News & Press Releases > Pinot and Rhone-style whites for Thanksgiving dinner
DATE: 11/20/2011

Pinot and Rhone-style whites for Thanksgiving dinner

From San Francisco Chronicle

There's nothing wrong with drinking the new and exotic for Thanksgiving - why, of course you can uncork Trousseau from the Jura - but there's nothing wrong with the familiar, either.

As we looked to homegrown options for the holiday table, I thought we might enjoy a dose of both. And so: a dual set of Chronicle Recommends selections this week - one more traditional, one more new and shiny.

On the familiar (and red) side, we turned to Santa Barbara and its bounty of Pinot Noir. With perfect Pinot provenance afoot and a splendid 2009 vintage to consider, the odds were in our favor. And we did indeed find a healthy crop of standouts, just right to serve with your Thanksgiving feast.

But there was less enthusiasm than I expected for our lineup of some 35 wines. Too many were a bit leaden, despite the many exhortations I heard this year on the Central Coast that vintners were deliberately picking earlier and pursuing more subtlety.

Some are, for sure, and at the top end, the wines from Santa Barbara are better than ever - including several from alumni of the dual academy of Qupé and Au Bon Climat, situated as it is in the heart of Bien Nacido vineyard.

The Sta. Rita Hills in particular is witness to this split in philosophy. There's undoubtedly great excitement coming out of the Lompoc wine ghetto, along with wines that are gaining a lighter step and more nuance. (Not just Lompoc; witness Adam Tolmach's subtle style revisions at the Ojai Vineyard.) Yet there still is a proliferation of the big, ripe wines that were the core of Sta. Rita's popularity several years ago.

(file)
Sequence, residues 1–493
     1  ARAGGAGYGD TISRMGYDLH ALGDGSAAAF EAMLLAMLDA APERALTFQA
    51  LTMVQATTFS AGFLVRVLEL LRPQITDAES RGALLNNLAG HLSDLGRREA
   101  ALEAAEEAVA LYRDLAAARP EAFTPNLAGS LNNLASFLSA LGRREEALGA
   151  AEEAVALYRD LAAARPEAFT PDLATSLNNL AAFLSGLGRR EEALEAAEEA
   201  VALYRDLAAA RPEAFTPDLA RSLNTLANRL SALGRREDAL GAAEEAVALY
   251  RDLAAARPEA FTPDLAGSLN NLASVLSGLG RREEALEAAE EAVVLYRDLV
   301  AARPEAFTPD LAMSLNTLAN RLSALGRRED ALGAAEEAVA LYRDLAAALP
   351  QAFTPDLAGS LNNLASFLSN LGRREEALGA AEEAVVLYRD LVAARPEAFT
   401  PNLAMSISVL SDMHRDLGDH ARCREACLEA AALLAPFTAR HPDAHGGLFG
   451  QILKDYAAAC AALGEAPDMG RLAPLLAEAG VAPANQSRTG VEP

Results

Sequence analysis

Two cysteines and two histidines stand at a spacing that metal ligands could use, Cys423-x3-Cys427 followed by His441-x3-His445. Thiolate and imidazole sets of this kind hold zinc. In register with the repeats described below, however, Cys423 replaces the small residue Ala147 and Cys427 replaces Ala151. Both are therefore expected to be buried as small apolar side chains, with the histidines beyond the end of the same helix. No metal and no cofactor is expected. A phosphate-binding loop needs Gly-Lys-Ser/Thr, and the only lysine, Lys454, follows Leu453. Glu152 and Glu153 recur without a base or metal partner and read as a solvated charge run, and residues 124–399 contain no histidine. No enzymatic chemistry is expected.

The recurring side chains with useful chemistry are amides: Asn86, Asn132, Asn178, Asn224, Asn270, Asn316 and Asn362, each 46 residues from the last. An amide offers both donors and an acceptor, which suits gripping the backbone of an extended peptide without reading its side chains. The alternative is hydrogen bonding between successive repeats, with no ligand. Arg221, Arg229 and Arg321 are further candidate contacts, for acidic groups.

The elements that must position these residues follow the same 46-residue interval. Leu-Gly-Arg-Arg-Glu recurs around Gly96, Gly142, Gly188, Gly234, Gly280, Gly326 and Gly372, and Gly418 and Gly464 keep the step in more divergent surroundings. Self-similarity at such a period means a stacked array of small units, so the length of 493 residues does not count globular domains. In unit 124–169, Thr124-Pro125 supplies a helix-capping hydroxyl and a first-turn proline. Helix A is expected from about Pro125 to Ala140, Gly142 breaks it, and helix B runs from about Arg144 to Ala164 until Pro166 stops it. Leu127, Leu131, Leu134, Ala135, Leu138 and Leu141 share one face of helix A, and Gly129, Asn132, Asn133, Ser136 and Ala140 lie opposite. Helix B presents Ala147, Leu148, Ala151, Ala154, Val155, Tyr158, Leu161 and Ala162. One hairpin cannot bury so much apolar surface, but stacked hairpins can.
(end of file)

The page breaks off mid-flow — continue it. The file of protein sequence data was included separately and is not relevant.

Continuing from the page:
Look at the trajectory of winemaking on the far Sonoma Coast toward lower alcohol levels and ever more marginality. I see hints that Sta. Rita is on a similar path, but perhaps it's slightly earlier on the curve.

Now to the newer side, and our tasting of American Rhone-style whites. Not all these efforts are new, but the American push beyond Viognier to the full spectrum of native Rhone grapes is flourishing like never before.

This has been the year of Grenache Blanc, a perfect choice for California's warmer spots and a grape that offers all the plushness to appeal to Chardonnay fans and all the lively herbal notes to win over the Sauvignon Blanc crowd. It appears both solo and in blends, and its blip of popularity is a welcome sign.

There is good reason for excitement about these wines. Whether on the Central Coast or the Sierra foothills, or even southern Oregon's remote Applegate Valley, vintners are uncovering spots perfectly tailored to varieties like Marsanne and Roussanne.

Perhaps taking a cue from the shortfalls of Viognier, which fell prey to being overfarmed, overripe and overoaked as winemakers molded it in Chardonnay's image, these are wines full of both energy and fruit-driven nuance.

That might be why they speak perfectly to the flavors of fall. With their ripe texture, and tree-fruit and nut-oil flavors, they have a fullness that matches the softer, richer flavors of autumn.

With Thanksgiving coming up, there couldn't be a better time to enjoy them.